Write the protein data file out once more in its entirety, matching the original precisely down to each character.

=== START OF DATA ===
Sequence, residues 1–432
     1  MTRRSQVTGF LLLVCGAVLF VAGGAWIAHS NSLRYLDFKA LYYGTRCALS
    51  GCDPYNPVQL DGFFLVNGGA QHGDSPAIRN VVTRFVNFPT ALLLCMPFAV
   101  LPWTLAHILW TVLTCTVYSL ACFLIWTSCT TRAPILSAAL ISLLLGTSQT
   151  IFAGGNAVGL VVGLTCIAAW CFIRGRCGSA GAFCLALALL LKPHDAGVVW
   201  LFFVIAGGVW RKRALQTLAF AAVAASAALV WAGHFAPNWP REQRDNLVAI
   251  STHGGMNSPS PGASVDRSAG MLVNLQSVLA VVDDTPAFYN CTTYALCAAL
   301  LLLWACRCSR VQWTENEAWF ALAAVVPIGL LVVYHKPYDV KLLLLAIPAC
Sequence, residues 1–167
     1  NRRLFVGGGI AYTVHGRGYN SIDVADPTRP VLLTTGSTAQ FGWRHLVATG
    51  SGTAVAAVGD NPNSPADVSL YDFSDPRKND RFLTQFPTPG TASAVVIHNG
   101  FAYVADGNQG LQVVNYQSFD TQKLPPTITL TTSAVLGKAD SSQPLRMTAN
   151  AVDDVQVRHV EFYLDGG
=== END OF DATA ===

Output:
Sequence, residues 1–432
     1  MTRRSQVTGF LLLVCGAVLF VAGGAWIAHS NSLRYLDFKA LYYGTRCALS
    51  GCDPYNPVQL DGFFLVNGGA QHGDSPAIRN VVTRFVNFPT ALLLCMPFAV
   101  LPWTLAHILW TVLTCTVYSL ACFLIWTSCT TRAPILSAAL ISLLLGTSQT
   151  IFAGGNAVGL VVGLTCIAAW CFIRGRCGSA GAFCLALALL LKPHDAGVVW
   201  LFFVIAGGVW RKRALQTLAF AAVAASAALV WAGHFAPNWP REQRDNLVAI
   251  STHGGMNSPS PGASVDRSAG MLVNLQSVLA VVDDTPAFYN CTTYALCAAL
   301  LLLWACRCSR VQWTENEAWF ALAAVVPIGL LVVYHKPYDV KLLLLAIPAC
Sequence, residues 1–167
     1  NRRLFVGGGI AYTVHGRGYN SIDVADPTRP VLLTTGSTAQ FGWRHLVATG
    51  SGTAVAAVGD NPNSPADVSL YDFSDPRKND RFLTQFPTPG TASAVVIHNG
   101  FAYVADGNQG LQVVNYQSFD TQKLPPTITL TTSAVLGKAD SSQPLRMTAN
   151  AVDDVQVRHV EFYLDGG